Home Practice ManagementLeadership Leadership vs. Management

Leadership vs. Management

by partica

As I travel around working, speaking and interacting with teams and businesses, one glaring fact consistently stands out: there are many individuals inhabiting an ownership or management position within dentistry who simply don’t understand the impact that learning meaningful leadership skills will have on their practices. Certainly some manage to “skate” through their tenure as a boss, but at what cost?

While actually practicing dentistry, one must also manage employees (and the stress that often ensues). People enter employment with diverse backgrounds, distinct work ethics, the baggage they’re bringing from past jobs, as well as unique personality and communication styles. Even the “A” team player you hire will quickly lose their shine. Multiply that by 5, 6 or 20 employees and it’s easy to see where learning to effectively lead and manage becomes an important skill.

From my perspective, there’s a very distinct difference between leading and managing: managing is overseeing processes and systems while leading means guiding and developing the people who are utilizing the systems and processes. Both are important, but they each require a unique approach to be successful.

Data shows you can spend up to 100 hours a year on problem employees… but the headaches and stress can be all but eliminated with just 10 hours of development time.

In the “business of dentistry” an overload of information is available on reducing overhead, marketing, employment law, streamlining procedures and more. Yet very little takes a deep dive into true leadership, and mostly it’s simply paying lip-service to the concept. In fact, while a dentist is trying to run a practice like any other small business (law firm, tech firm, marketing agency), developing employees and culture are pushed aside or dismissed altogether as unnecessary. Why is that? Many of the common reasons I hear are:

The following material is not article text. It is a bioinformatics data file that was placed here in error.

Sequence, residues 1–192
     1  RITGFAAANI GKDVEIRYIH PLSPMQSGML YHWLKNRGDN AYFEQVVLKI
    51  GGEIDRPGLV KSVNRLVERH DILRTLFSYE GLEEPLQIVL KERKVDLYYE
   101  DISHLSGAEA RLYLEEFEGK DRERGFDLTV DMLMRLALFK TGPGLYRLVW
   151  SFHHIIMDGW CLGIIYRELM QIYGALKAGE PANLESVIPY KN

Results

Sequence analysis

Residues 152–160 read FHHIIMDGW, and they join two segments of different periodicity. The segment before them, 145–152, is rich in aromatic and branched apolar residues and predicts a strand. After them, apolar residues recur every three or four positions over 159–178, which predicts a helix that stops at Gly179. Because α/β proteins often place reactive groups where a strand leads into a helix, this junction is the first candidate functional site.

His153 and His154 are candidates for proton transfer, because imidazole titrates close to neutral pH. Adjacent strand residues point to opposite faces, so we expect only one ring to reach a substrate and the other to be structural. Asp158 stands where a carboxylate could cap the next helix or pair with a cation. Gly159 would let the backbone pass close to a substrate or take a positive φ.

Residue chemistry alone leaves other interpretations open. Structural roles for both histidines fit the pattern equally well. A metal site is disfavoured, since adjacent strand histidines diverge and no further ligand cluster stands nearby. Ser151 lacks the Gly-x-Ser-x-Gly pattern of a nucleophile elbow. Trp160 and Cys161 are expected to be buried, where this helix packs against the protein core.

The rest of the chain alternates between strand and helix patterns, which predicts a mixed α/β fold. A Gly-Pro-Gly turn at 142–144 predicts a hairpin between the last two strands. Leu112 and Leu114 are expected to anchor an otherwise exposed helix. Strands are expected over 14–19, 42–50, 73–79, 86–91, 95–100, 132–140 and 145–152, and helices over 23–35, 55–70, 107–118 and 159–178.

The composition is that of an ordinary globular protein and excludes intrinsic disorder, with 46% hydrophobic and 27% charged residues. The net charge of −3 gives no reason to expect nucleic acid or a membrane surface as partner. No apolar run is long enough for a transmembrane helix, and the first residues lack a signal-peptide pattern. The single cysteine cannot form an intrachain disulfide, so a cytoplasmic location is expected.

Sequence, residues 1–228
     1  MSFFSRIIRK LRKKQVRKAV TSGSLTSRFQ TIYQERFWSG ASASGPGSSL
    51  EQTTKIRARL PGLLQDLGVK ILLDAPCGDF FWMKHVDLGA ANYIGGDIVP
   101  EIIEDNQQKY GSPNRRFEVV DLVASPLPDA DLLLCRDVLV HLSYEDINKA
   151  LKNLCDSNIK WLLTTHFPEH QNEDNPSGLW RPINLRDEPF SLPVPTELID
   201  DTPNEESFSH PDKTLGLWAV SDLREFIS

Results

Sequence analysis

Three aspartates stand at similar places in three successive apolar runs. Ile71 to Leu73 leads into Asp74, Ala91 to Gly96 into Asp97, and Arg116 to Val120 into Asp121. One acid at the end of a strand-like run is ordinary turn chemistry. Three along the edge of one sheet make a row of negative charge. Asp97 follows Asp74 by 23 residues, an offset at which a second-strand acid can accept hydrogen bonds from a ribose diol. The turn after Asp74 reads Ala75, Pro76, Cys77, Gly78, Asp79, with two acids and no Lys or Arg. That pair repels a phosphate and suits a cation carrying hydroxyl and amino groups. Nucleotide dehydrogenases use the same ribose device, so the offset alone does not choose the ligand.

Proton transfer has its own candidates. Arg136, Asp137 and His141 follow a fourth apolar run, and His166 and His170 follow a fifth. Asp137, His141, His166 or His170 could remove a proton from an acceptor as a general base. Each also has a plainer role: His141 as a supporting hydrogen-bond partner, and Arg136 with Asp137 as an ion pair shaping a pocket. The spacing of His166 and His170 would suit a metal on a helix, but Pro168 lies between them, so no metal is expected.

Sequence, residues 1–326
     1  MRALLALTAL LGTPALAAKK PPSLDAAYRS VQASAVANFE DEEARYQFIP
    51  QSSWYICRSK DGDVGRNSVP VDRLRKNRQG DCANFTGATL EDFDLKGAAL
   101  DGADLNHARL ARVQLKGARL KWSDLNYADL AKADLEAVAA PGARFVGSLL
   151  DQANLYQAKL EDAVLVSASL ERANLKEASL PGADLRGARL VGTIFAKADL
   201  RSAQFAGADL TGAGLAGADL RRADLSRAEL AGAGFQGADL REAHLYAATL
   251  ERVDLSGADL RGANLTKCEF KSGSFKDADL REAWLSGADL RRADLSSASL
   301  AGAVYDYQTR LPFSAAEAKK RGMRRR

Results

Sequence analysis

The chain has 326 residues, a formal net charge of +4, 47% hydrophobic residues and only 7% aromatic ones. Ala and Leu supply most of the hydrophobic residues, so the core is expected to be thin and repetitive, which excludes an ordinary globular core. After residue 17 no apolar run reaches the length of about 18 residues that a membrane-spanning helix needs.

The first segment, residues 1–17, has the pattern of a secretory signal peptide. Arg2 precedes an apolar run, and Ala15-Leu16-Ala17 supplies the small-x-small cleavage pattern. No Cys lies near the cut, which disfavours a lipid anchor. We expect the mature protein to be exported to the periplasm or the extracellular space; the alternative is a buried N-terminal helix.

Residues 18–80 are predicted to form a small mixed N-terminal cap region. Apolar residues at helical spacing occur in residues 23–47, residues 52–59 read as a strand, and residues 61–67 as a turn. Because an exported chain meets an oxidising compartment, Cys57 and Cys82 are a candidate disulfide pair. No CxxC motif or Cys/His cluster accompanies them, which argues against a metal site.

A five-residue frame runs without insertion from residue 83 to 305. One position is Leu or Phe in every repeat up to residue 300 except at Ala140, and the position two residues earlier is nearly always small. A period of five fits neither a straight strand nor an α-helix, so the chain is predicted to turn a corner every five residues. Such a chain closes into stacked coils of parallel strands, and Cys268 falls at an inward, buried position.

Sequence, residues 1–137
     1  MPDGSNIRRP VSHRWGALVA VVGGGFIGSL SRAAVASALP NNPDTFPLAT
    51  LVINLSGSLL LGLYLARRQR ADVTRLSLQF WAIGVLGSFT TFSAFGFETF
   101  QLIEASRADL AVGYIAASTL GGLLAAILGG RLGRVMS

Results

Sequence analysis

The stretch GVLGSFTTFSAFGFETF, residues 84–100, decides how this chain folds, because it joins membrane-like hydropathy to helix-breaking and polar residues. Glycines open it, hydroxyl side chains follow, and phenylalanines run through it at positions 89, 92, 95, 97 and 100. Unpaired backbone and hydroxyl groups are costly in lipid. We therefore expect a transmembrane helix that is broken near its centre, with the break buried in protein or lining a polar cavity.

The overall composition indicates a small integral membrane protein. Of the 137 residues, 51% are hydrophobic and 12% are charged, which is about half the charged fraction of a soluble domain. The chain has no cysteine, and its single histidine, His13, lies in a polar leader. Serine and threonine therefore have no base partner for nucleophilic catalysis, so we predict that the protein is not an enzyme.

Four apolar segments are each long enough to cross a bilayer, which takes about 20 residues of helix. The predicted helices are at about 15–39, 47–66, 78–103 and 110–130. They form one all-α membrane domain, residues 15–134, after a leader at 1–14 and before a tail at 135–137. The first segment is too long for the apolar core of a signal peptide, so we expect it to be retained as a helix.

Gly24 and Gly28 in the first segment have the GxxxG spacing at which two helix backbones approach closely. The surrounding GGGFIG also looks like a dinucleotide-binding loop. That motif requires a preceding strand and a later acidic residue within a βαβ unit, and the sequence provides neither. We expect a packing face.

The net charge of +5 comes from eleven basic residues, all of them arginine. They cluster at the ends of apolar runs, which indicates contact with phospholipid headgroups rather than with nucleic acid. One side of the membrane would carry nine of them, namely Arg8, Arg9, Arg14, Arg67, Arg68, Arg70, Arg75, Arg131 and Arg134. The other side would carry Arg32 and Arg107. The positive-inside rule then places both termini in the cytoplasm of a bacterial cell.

“We are a dental office, there’s no reason to develop people for any other job here.”

“I’m too busy seeing patients and dealing with the business to do this – I don’t have time.”

“Team members just need to do their job and everything will run fine.”

You have the technical skills, the drive to succeed and a vision of what you want to create, but you need a team of people to help you reach your goal. What does that look like? Are you truly prepared to do it? Are you as invested in your employees as you are your business?

For the most part, dentistry still uses the top-down management style that came into vogue 100 years ago. In almost every other industry that ship sailed a long, long time ago. The business model of leadership which embraces employee development while holding them accountable for their work habits has shown to be much more profitable and rewarding. And this generation of workers now expect it. So what does leading today actually look like and how can it be implemented in a busy, patient-centric, task-oriented dental practice? Here are a few suggestions to get you started:

● First, it’s about you. If you’re serious about learning to be an effective, innovative leader then you need to invest in yourself. There are stacks of leadership resources available online and at the bookstore, as well as coaches who can guide you.

● Secondly, it’s really not about you at all! At its core, leadership and developing an employee is about them.

Telling someone what to do doesn’t leave room for them to learn why. This is their journey, you’re simply the navigation system.

● Establish trust. Let your team know that you’ve decided to invest in them and that you’re not trying to find a backdoor way into exposing their faults or a tattling session on other employees. At the outset, if this is a new methodology for you, be prepared for some skepticism.

In short order, however, employees will come to value the attention and investment you’re making in them.

● Keep your expectations high and known. Your behavior – whether overt or subliminal – is what your team will model.